Typical Cervical Vertebrae and C7

Cervical Vertebrae

There are a total of 7 cervical vertebrae, and with the hyoid bone, they form the skeleton of the neck extending from the base of the skull superiorly, inferiorly till the 1st thoracic vertebra. The spinal nerves emerge above the corresponding vertebrae – for example, C3 spinal nerve comes off above the C3 vertebra.

The typical cervical vertebrae are C3, C4, C5 and C6.

The atypical cervical vertebrae are C1 – Atlas, C2 – Axis and C7 – vertebra prominens.

It should be noted that all vertebrae except C1 and C2 consist of two broad portions:

  • Body: Large, central mass of bone.
  • Vertebral Arch: Visible in every diagram, consists of a pedicle which connects the body to the articular processes, and a lamina that connects the articular processes to the spinous process. Don’t worry, this will be explained below.

Cervical Vertebra

Features of a Typical Cervical Vertebra:

  1. Small, Wide Body – Looking very carefully at the shape of the body, you can notice that some edges of the body are raised. Typically, the superior surface of the typical cervical vertebrae are raised or elevated greatly at the posterior rim, marginally at the lateral rim, and depressed at the anterior rim. This phenomenon results in the superior surface being called an uncus. What does this resemble? Think of a chair.  Conveniently, the inferior surface of the cervical vertebrae have a “bevelled” surface, or a surface that complements or fits into the superior surface of the vertebra below it. This allows a special type of joint called a uncovertebral joint, that really just resembles chairs stacking one on top another.                                                                                                                    Just look at this diagram, you’ll see what I mean.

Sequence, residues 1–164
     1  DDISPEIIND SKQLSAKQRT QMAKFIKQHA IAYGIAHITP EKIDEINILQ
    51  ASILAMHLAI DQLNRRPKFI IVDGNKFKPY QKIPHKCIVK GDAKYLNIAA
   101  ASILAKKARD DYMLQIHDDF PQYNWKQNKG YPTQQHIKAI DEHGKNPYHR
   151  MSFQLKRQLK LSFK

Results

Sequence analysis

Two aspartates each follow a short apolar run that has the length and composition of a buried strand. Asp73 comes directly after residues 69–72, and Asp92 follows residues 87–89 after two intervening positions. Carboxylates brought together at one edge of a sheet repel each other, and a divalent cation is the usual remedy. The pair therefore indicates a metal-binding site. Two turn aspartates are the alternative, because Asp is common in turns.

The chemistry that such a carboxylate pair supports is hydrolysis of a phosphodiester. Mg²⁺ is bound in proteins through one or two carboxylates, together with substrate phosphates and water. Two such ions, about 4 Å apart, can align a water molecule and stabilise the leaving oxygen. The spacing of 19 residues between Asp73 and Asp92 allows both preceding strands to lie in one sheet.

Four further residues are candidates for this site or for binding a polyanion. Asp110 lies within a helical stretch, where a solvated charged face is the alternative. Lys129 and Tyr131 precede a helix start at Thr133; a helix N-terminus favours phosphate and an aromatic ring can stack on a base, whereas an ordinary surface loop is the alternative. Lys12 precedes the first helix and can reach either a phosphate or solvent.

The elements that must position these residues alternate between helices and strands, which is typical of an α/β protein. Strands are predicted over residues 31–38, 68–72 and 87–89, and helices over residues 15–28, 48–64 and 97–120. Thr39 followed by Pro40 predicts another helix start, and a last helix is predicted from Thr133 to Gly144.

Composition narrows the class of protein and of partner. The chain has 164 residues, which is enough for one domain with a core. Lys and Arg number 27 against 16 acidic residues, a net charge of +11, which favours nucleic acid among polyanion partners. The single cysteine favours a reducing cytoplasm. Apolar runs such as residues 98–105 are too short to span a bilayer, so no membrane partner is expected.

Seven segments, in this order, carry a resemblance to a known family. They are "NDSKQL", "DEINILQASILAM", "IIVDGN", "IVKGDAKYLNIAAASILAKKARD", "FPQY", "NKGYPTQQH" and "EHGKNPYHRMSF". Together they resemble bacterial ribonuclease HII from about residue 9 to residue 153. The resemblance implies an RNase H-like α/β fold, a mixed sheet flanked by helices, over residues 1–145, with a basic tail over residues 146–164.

2. Large, triangular vertebral foramen – Nerves supplying the arm come from the cervical enlargement of the spinal cord. Since the spinal cord is so large here, the vertebral foramen must also be large to accommodate it.
  3. Tranverse Process with Foramen Transversarium – The foramen transversarium, labeled as a large hole or passageway through the transverse process of the vertebra, is the most characteristic feature of the cervical vertebrae. Its function is to allow the passage of the vertebral artery, accompanying vertebral veins and branch of inferior cervical ganglia, specifically though the foramina transversaria of C6 to C1. Hence, the name vertebral artery is given to this very important artery, as it runs within the vertebra itself. It should be noted however, that the C7 foramen transversarium is very small, and may be absent occasionally, and serves only to carry small accessory veins.
  4. Transverse Process with Anterior and Posterior Tubercle – Labelled in most diagrams on this post, the anterior and posterior tubercle arise due to the embryology of the cervical vertebra. The transverse process in fact, is derived from 2 parts embryologically: a posterior transverse element (part of the neural arch), and an anterior costal element, labelled in the diagram below. The costal element is unique, as within the thoracic vertebrae, it projects anteriorly to form the ribs. In the cervical vertebrae, you can also imagine the costal element in an attempt to protrude anteriorly to form ribs, but is not able to complete its attempt. Hence there is an anteriorly projecting anterior tubercle, and a posteriorly projecting posterior tubercle, both which serve for attachment of muscles. The portion connecting the anterior tubercle and posterior tubercle to the pedicle of the vertebra is the anterior and posterior root. Both anterior and posterior tubercle are also connected to each other by a costotransverse bar, labelled in the diagram above. The costotransverse bar forms a groove for the passage of the anterior rami of the cervical spinal nerve as it exits the vertebra.                                     You can therefore think of the transverse process as 2 roots extending out from the lamina, connected to each other at the tips by the costotransverse bar, forming an open circle through which the vertebral artery and accompanying veins pass. It should be noted that the anterior tubercle of C6 is especially large and is called the carotid tubercle because the common carotid artery can be palpated against this tubercle, and it separates the common carotid from the vertebral artery.